Anti-apartheid icon Nelson Mandela's remains will be buried today in his childhood village of Qunu in eastern South Africa, bringing down the curtains on ten days of national mourning for the Nobel laureate whose courage and freedom struggle turned him into a "giant of history".
The state funeral began at 0600 GMT (1130 IST), with a two-hour public ceremony being attended by over 4,500 invited guests, including former US president Bill Clinton, the Prince of Wales, the Iranian vice-president and presidents of several
Archbishop Desmond Tutu - a long-time friend of Mandela - would also attend the funeral. The ceremony began with the coffin being taken from Madiba's house to a specially erected giant white marquee.
Thembu community, of which Mandela is a member, will conduct a traditional Xhosa ceremony - including songs and poems about his life and his achievements.
An ox will be slaughtered, signifying a tribal ritual. A family elder will stay near the coffin, which has been draped with a lion's skin.
During the ceremony, Mandela will be referred to as Dalibhunga - the name given to him at the age of 16. Mourners were seen wearing traditional Xhosa regalia,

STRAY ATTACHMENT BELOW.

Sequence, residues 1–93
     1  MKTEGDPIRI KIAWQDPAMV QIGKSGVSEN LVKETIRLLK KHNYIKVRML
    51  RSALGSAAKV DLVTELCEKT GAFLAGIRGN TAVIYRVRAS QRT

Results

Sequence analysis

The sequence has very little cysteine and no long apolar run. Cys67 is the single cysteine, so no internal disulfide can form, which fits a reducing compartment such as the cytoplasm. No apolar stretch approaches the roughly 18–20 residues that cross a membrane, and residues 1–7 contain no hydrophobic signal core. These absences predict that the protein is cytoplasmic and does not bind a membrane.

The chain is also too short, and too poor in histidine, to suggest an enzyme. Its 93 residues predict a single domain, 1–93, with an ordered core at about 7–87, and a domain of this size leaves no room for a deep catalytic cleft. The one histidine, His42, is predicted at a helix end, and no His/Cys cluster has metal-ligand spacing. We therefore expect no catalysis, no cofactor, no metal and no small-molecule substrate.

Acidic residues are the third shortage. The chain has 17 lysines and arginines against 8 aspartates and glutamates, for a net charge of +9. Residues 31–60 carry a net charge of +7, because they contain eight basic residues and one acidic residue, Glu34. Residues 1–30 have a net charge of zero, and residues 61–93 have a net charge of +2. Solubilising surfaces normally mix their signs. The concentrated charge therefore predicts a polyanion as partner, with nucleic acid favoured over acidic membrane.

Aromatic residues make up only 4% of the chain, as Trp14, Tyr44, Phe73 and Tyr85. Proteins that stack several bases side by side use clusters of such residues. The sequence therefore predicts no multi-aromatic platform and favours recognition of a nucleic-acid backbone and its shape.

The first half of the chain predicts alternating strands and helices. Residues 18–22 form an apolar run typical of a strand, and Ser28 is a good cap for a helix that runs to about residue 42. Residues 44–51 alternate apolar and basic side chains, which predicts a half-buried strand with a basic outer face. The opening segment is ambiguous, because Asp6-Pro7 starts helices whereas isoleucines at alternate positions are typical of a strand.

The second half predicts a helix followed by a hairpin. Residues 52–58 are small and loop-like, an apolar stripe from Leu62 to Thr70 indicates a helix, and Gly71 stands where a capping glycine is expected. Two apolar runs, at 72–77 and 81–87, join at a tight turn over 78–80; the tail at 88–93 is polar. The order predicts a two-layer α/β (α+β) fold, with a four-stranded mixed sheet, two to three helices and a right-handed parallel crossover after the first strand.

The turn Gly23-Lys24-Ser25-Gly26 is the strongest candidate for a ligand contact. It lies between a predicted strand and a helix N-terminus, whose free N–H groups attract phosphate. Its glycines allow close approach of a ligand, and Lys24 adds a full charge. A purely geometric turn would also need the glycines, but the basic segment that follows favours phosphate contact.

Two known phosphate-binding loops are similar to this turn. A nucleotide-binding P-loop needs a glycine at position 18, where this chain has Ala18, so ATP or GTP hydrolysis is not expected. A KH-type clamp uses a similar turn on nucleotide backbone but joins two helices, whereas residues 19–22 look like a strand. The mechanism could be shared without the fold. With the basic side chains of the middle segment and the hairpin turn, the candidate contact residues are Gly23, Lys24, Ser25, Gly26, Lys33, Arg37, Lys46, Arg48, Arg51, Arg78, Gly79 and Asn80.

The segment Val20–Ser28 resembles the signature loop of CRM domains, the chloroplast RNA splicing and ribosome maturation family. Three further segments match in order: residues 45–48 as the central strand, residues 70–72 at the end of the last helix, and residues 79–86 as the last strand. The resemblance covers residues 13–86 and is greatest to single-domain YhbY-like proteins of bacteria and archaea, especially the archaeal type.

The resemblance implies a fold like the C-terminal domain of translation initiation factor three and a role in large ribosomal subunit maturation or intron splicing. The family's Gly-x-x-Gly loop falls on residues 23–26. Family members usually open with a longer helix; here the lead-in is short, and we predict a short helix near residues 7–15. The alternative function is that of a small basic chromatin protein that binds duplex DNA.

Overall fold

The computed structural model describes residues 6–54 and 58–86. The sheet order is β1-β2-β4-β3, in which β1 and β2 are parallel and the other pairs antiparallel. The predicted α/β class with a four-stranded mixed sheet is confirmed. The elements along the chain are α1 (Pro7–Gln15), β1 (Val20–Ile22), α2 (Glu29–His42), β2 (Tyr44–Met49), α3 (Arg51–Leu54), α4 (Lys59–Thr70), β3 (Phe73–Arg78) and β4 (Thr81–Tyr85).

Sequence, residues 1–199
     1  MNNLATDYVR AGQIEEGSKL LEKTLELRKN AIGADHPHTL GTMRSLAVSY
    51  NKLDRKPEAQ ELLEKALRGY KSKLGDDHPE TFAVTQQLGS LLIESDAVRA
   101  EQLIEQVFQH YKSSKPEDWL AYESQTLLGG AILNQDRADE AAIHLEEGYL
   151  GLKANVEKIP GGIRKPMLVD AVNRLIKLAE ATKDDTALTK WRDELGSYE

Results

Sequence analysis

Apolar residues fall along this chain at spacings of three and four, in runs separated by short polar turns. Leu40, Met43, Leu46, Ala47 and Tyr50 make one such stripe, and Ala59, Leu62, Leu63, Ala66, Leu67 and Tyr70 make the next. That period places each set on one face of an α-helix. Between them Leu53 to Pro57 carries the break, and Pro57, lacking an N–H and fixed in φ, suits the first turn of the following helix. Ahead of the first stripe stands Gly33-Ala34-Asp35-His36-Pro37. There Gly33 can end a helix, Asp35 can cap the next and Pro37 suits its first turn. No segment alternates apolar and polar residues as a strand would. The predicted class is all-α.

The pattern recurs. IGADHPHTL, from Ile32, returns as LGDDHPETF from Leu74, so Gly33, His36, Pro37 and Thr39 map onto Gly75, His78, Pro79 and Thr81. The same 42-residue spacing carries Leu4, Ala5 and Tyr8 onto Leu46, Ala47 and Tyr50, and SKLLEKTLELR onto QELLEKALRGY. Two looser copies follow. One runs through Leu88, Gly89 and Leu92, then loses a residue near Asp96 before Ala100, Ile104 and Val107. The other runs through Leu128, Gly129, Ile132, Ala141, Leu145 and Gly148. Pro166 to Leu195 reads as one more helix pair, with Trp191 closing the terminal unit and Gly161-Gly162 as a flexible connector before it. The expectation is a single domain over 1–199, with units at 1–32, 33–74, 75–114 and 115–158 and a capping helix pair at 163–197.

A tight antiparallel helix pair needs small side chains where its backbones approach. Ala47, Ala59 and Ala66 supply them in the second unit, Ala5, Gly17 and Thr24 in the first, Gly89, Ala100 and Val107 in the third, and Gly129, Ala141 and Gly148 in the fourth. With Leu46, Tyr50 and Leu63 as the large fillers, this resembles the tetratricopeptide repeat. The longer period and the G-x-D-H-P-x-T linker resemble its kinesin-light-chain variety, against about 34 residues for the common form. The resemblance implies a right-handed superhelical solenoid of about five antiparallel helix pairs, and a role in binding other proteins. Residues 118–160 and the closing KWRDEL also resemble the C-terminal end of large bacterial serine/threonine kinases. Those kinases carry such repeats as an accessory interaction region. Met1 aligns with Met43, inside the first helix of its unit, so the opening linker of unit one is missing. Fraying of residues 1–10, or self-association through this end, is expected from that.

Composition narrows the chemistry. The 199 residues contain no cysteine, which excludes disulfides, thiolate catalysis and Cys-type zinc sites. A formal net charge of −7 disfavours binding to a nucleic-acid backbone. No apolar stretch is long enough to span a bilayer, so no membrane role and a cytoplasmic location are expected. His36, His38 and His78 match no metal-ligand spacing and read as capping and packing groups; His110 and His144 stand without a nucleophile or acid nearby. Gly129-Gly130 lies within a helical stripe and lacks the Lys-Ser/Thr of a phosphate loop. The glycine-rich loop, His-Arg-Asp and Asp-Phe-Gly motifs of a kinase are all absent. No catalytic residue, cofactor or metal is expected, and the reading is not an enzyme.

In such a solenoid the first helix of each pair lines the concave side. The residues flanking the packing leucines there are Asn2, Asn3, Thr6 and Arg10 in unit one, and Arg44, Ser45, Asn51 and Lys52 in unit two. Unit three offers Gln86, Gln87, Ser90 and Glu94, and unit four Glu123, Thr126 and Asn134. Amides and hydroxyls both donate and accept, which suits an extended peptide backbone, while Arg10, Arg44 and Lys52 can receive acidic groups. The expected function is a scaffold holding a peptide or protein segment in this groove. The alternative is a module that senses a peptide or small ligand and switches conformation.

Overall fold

with blue and white beaded head gear and necklaces.
The burial will be a private affair that would be attended by around 450 people, including Mandela's widow Graca Machel and ex-wife Winnie Madikizela-Mandela.
Mandela's casket was brought yesterday by an air force plane at Mthatha airport. The casket, accompanied by senior clan and family members, was greeted at the airport by a military guard of honour.
To solemn music, the coffin draped in a South African flag was moved by soldiers and placed in a hearse to begin the road journey. The cortege drove through the streets of the town before reaching Qunu, about 31 km away.
People who had travelled for hours thronged the road leading to Qunu, singing and dancing as Mandela T-shirts were handed out. Local people were invited to form a human chain to pay their respects along the route to Qunu.
Mandela died on December 5 at the age of 95 after a protracted illness.